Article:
Building a home in a cold climate, like northern Minnesota, can be a lot different than building a home in a warm climate. Selecting the wrong design, accepting not-up-to-par construction details for the climate, or opting for the wrong products (or builder) can result in an uncomfortable home that’s too cold, too drafty, or that fosters roof ice dams and icy walkways and that results in enormous energy bills.
The building systems, design considerations, acceptable products, construction practices and techniques ideal for cold climates vary greatly from those in warm climates. Below is a brief synopsis of all the items you need to check or demand from your builder.
But first, you need to do a little research. A basic understanding of how heat, air and moisture travel within the exterior walls of a home is vital. Knowledge of insulation ratings, glazing products, passive energy concepts, and energy efficient HVAC systems is key. Ask your homebuilder for help.
A ‘Systems Approach’
The Cold Climate Housing Program (CCHP) at the University of Minnesota, “Promotes a ‘systems approach’ to building in cold climates,” says Pat Huelman, associate professor and CCHP coordinator.
Situated within the Department of Bioproducts and Biosystems Engineering, College of science &.Engineering at the St. Paul, MN, campus, the CCHP was started in response to early energy efficiency recommendations that changed air tightness and insulation values but did not pay attention to the implications these had on moisture and indoor air quality. Today, says Huelman, we also have the issues of sustainability, material resource responsibility and resiliency.
The CCHP recommends a number of key components, including: thermal insulation over the entire building envelope and foundation; basement or slab waterproofing and drainage; a continuous air barrier/vapor retarder inside and continuous weather barrier outside; energy-efficient, condensation resistant windows, appliances, lighting, and HVAC system with mechanical ventilation; use of Low-toxicity materials; user friendly controls (set-back thermostat, dehumidistat and ventilation); and proper homeowner operation and maintenance.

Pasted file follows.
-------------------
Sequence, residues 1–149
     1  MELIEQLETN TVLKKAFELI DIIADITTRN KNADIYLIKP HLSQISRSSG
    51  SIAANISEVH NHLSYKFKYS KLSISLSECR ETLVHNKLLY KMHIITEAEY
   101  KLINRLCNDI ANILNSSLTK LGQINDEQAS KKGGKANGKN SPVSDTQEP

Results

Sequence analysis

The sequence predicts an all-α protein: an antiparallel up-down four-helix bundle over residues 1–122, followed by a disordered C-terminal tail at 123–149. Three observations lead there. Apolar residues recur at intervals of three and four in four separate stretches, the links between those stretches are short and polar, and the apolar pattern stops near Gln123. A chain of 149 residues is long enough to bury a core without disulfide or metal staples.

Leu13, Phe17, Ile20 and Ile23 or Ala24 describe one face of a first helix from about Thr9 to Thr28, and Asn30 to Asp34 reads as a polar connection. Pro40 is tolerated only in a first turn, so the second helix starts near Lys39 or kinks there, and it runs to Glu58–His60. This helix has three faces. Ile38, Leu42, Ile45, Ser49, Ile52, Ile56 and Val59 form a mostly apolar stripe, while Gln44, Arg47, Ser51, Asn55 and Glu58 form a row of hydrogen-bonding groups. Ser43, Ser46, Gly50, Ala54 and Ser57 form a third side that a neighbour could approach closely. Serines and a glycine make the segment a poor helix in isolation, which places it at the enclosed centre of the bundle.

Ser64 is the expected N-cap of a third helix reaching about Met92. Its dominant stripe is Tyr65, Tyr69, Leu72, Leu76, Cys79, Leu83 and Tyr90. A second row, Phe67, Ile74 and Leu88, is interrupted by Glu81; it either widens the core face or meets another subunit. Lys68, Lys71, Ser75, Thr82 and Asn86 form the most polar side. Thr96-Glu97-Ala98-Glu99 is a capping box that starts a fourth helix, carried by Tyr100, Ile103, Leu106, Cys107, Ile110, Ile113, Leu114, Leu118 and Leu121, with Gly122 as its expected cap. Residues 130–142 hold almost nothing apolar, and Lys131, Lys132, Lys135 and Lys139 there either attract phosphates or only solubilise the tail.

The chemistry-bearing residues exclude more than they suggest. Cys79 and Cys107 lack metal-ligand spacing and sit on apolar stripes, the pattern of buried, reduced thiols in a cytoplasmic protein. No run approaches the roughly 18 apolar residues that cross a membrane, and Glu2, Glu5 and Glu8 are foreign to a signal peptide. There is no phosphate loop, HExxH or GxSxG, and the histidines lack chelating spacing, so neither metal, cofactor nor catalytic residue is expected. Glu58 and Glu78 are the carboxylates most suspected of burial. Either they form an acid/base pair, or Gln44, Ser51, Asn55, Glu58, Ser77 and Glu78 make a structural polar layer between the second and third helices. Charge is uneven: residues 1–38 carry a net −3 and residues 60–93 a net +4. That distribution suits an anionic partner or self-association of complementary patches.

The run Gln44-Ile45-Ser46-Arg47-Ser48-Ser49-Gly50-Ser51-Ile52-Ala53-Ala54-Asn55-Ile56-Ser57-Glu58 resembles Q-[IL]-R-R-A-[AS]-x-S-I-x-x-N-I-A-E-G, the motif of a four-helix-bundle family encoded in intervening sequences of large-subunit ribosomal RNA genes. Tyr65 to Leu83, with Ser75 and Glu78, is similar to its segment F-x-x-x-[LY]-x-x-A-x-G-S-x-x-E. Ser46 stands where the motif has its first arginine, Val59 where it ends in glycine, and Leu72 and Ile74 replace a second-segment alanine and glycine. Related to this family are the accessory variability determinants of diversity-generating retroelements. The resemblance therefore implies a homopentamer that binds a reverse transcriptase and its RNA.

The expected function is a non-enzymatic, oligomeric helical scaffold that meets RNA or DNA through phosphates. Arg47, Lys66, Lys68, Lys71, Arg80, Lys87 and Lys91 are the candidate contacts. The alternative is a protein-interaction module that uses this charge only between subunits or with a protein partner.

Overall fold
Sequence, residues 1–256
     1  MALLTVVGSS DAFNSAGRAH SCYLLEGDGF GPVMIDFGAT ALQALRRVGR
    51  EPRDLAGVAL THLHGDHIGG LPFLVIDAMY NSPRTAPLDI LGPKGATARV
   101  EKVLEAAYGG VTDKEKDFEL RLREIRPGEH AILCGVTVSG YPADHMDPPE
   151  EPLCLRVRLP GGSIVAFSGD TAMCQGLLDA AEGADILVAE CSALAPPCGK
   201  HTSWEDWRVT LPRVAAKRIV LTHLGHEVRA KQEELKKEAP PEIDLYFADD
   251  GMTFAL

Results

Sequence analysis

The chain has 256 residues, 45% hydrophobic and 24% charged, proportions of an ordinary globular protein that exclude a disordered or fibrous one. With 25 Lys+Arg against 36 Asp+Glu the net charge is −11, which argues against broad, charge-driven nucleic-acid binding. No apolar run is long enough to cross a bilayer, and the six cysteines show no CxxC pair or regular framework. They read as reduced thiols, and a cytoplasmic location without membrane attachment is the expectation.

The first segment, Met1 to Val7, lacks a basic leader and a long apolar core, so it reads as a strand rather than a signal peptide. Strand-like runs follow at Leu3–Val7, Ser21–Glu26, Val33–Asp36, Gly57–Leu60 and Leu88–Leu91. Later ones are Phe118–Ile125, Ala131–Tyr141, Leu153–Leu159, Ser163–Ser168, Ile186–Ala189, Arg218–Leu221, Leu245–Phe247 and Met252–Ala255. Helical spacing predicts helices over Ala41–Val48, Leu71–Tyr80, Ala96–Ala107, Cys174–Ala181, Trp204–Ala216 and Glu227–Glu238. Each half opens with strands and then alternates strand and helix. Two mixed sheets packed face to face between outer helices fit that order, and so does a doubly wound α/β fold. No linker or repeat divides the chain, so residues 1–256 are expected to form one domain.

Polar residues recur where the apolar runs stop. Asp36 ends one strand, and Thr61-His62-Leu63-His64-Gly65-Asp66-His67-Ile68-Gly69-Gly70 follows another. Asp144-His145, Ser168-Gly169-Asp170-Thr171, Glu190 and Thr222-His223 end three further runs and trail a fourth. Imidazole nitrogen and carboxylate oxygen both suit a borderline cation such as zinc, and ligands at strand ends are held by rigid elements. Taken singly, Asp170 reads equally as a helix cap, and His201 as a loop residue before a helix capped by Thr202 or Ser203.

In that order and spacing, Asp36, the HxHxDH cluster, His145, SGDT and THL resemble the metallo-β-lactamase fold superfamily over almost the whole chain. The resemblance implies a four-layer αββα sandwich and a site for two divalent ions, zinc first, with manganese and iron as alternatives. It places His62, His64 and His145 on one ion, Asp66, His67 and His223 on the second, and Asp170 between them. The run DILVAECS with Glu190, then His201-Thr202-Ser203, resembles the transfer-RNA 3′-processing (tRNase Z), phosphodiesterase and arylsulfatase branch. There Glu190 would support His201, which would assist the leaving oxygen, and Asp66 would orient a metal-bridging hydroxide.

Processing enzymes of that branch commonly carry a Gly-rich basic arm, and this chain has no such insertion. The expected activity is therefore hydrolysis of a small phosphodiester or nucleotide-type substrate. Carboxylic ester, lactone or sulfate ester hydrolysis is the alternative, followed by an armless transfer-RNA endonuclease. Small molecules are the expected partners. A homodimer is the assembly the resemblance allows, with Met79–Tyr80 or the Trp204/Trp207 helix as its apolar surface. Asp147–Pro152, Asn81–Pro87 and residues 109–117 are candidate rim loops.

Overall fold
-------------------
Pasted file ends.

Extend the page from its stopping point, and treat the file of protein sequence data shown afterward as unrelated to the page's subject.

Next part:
“The systems approach,” says Huelman, “is the idea that you have to include and look to optimize the performance parameters of not only the building envelope and the mechanical systems, but also the home’s occupants. The people,” he adds, “are really important. How they operate, control and maintain the home is vital.”
The material below examines some of the construction and mechanical features, as well as the best home orientation, solar design concepts, and techniques to mitigate snow problems. The “people” issue is up to you.
Here’s what to double-check with your new home builder:
1. Make sure the building envelop is air tight and accounts for moisture
Check the construction details on the new home plans. Ask your builder how the building envelope or exterior wall system will provide high insulation values, prevent mold-causing condensation, stop thermal bridging, and reduce heat transmittance.
In cold weather, interior moisture will flow to the outside via air leakage and vapor diffusion. Housewrap and impermeable vapor and moisture barriers or membranes and effective caulking details are essential. Check the builder’s construction details to see how they are designed to eliminate penetrations, prevent moisture condensation, and air seal exterior walls. Will the gaps around windows, doors and electrical boxes be sealed? Is the roof cavity drained and water tight? Will all joints be fully taped and openings sealed? Is the insulation “continuous”? Does the foundation system keep moisture away from the home?
2. Inquire about insulation
Learn the benefits and insulation quality (R-value) of the various forms of insulation, from fiberglass batts and blown-in cellulose to rigid foam board and closed-cell spray polyurethane foam. Ask about the types and levels of insulation provided. Don’t forget about pipe insulation to prevent pipes from freezing.
Some builder’s combat thermal bridging, air, moisture and heat loss through special framing techniques, such as 2x6 construction, double wall wood framing, or raised hip insulation and other construction techniques. Others might use structural insulated panels, insulated concrete forms for concrete walls or even insulated precast wall panels. High-density materials like concrete, bricks and tiles can provide thermal mass that stores energy from the sun during the day and emits in at night.